So, how many people live in Ballito?
The visitors want to know what time the dolphins come past and the locals want to know how much their town has grown.
The answers to both questions are elusive but lots of people still want to know, from those planning new businesses to estate agents and supermarket operators.
KwaDukuza is touted to be the fastest growing municipality in the country, and it certainly feels that way, but who’s counting?
Apart from high and low seasons, over the past ten years it feels as though the population has been leaping ahead month by month.
I used to know a lot of people around town but there are so many new faces these days it’s bewildering. There are a lot more job opportunities, more shopping centres and shops and a lot of room for service businesses.
What has really changed is that many of the new people in town are young and full of energy, which is a real sign of strong growth. Anyone who has been on a school run will tell you the traffic is impossible.
The schools are jam-packed and another is on the way.
Anyhow, the latest person to pose the question was estate agent Allana Smith, so my project for the last fortnight has been trying to find a more definitive answer than sticking a finger in the air.
I approached it from several different angles: I looked at the Census, spoke to letting agents, bulk service suppliers and the gated estates.
I thought the estates could be a problem – they’re sort of black holes that suck in thousands of people who commute or live their lives mostly behind high fences. How do they affect the figures?
To many businesspeople, when one talks of Ballito these days one means greater Ballito – that is Ballito, Salt Rock, Shakaskraal and Shakashead, plus the gated estates from Palm Lakes to Zimbali.
The population forms the buying public that all local businesses depend on in one way or another, for customers, service, support and staff. Starting with Census 2011, the population of KwaDukuza was 231 000.
Population growth rate has been about 1% p a, which brings that total to about 248 500.
The population of the nine municipal wards that make up the Greater Ballito area – Palm Lakes to Zimbali – was 68 700 in 2011, so today should be about 74 000. Then I crosschecked with the available bulk supply stats, starting with electricity.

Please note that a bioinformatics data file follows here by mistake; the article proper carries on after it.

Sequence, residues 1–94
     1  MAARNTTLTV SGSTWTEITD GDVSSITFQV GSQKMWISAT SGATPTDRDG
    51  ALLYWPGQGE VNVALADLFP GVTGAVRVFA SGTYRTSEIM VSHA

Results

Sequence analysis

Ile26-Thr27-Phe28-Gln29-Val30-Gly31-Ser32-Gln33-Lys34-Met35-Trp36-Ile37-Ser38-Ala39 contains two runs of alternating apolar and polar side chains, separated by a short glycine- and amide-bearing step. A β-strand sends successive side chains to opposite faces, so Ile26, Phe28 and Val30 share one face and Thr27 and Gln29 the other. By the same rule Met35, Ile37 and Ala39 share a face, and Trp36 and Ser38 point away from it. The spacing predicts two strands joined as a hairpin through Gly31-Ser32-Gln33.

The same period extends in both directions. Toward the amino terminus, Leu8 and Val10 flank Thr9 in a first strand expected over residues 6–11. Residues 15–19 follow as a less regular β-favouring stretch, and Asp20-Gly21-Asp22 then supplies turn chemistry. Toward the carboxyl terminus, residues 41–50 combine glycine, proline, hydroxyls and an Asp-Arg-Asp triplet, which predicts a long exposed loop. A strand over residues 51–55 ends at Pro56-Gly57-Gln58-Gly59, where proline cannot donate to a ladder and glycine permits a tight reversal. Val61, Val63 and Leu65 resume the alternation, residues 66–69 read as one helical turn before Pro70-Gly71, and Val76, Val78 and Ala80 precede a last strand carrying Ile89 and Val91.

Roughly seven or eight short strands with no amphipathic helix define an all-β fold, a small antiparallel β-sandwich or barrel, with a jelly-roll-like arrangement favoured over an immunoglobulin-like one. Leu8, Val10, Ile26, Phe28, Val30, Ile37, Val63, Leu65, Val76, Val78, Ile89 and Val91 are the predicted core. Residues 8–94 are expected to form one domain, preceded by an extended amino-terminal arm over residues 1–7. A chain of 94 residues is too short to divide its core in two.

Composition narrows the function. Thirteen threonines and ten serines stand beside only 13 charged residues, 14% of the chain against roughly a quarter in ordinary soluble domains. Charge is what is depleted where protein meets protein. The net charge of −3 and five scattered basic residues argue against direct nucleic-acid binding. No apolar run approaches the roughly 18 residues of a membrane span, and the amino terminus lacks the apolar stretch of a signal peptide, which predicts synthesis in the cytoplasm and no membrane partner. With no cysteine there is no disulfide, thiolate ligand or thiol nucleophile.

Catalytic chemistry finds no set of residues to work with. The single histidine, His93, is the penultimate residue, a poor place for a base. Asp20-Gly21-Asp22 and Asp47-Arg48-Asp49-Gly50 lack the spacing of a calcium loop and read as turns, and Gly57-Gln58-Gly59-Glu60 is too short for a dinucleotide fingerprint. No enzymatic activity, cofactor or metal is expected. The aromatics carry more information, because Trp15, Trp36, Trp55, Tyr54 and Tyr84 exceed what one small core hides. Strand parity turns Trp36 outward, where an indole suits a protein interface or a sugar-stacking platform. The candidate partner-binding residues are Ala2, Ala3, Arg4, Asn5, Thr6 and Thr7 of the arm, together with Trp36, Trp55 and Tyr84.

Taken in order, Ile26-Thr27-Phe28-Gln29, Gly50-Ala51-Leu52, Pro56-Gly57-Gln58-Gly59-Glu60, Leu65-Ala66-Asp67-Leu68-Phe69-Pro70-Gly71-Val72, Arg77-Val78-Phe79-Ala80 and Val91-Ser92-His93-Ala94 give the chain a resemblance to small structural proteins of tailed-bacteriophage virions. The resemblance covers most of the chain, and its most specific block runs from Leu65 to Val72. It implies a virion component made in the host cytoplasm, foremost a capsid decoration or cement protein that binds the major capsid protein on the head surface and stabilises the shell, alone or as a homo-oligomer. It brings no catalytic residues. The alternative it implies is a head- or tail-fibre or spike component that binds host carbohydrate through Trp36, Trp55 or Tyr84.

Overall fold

The municipality says there are 48 000 metered connections in the whole of KDM and 14 384 in the southern region, being 9 470 conventional meters and 4 914 prepaid.
The figures are skewed by the estates and sectional title complexes, where there is often only one connection point, but working from the updated census figures that should work out to 5.2 persons per connection, giving a total of about 74 800 people.
Another crosscheck is water supply. Sembcorp Siza Water, whose area of supply is roughly the same as electricity for the southern region, estimates a permanent pollution of 70 000 for working purposes, doubling to 140 000 in high season. I think one can safely say that the population of the Dolphin Coast is in the region of 70-75 000.
But often people want to know how many people live on the seaward side of the N2, as that is where the bulk of holiday traffic is.
The larger gated estates kindly supplied their low and high season estimates.
The low season figures are included in the Census and confirmed by the bulk supply figures, but they have grown hugely since 2011 and show how many people live there now.
The highest numbers of permanent dwellers and holiday visitors are, unsurprisingly, in Simbithi and Zimbali:
This is where it started to get complicated. British Prime Minister Benjamin Disraeli said:
“There are three kinds of lies: lies, damned lies, and statistics.”
But what can a poor boy do? The only resource available are the ward figures, which I projected forward to 2018 and factored in the expanded estates.
That exercise spits out an answer of 28 500 on the seaward side of the N2, more or less. So, ta-da!
The exercise indicates that the permanent population of greater Ballito is about 70-75 000 and the traditional Ballito / Salt Rock holiday area to be about 30 000.
Maybe a little higher at 35 000 if one takes into account the growth outside of the estates.
Second question: how many visitors do we get in December?
For insight into this I turned to somebody with hands-on experience, Inus van Schalkwyk of Cyberview Letting. He went to a great deal of trouble to supply me with a breakdown of the lettable units.
He calculated that there are about 5 000 lettable units, making capacity for 30 000 visitors. As people stay on average 7 – 10 days those units can be turned over twice, giving a total of 60 000 people.
The population of the coastal strip would then be about 90-100 000 in season by that calculation, which is slightly at odds with Siza’s added capacity for 140 000.
Granted there will be a lot of people at home for the holidays on the west of the N2 as well, plus day visitors from Durban and inland.
So I feel on shaky ground about that figure, other than to say it could be anything from 90 to 140 000.
At 90 000 it confirms the long-held belief that the population trebles in high season.
I have slaved over a hot calculator for two weeks and have progressed in stages from ignorant to very confused to fairly sure that the figures are reasonable.
Census 2021 is still a long way off and there will be the added populations of Ballito Hills, Zululami and so on.
Until then I’m sticking with 30-35 000. But – help me here – should anyone have conducted their own exercise, I would love to hear from you.
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The jellyfish has existed as a species for 500 million years, surviving just fine without a brain. That gives hope to quite a few people.